CAIRO: The Sadat metro station, which lies under the iconic Tahrir Square, will finally reopen after being closed for almost two years, Head of the Egyptian Co. for Metro Management and Operation Ali Fadaly said Saturday.
“Preparations are in full swing to complete the installation of a new integrated security system within the station for its reopening within three weeks. Automated gates and surveillance cameras are being installed at the entrances and the exits of the station to detect any potential acts of sabotage,” Fadaly told the state-run Al-Ahram.
The station was closed following the deadly dispersal of pro-Muslim Brotherhood sit-ins at Rabaa al-Adaweya and Al-Nahda in August 2013; two months after the military backed-ouster of Islamist President Mohamed Morsi.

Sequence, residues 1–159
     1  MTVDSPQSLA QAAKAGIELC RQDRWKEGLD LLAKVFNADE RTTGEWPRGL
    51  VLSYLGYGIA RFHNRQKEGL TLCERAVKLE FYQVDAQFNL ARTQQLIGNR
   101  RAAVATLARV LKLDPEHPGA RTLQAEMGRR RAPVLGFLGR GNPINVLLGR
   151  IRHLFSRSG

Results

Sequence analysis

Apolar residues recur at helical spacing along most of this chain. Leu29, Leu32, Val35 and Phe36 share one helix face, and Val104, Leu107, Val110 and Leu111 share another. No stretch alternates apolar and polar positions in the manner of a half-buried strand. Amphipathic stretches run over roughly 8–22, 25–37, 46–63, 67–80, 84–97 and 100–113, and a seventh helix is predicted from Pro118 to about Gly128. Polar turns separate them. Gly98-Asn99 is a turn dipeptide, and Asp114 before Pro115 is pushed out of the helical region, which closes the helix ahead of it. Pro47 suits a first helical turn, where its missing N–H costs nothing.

Interior Ministry said the station was closed for “security reasons,” possibly to prevent Muslim Brotherhood supporters from reaching the square.
The Sadat and Al-Shohada metro stations were the only two with transfers between Cairo’s two main metro lines. Following the closure of the Sadat station, complaints of extreme overcrowding and sexual harassment in Al-Shouhada station have been on the rise.
According to the State Information Service (SIS), approximately 3.5 million people use Cairo’s metro on a daily basis.
In January, the State Commissioner’s Authority recommended obliging the government to reopen the station saying that “there were no realistic or legal justifications for its continued closure.”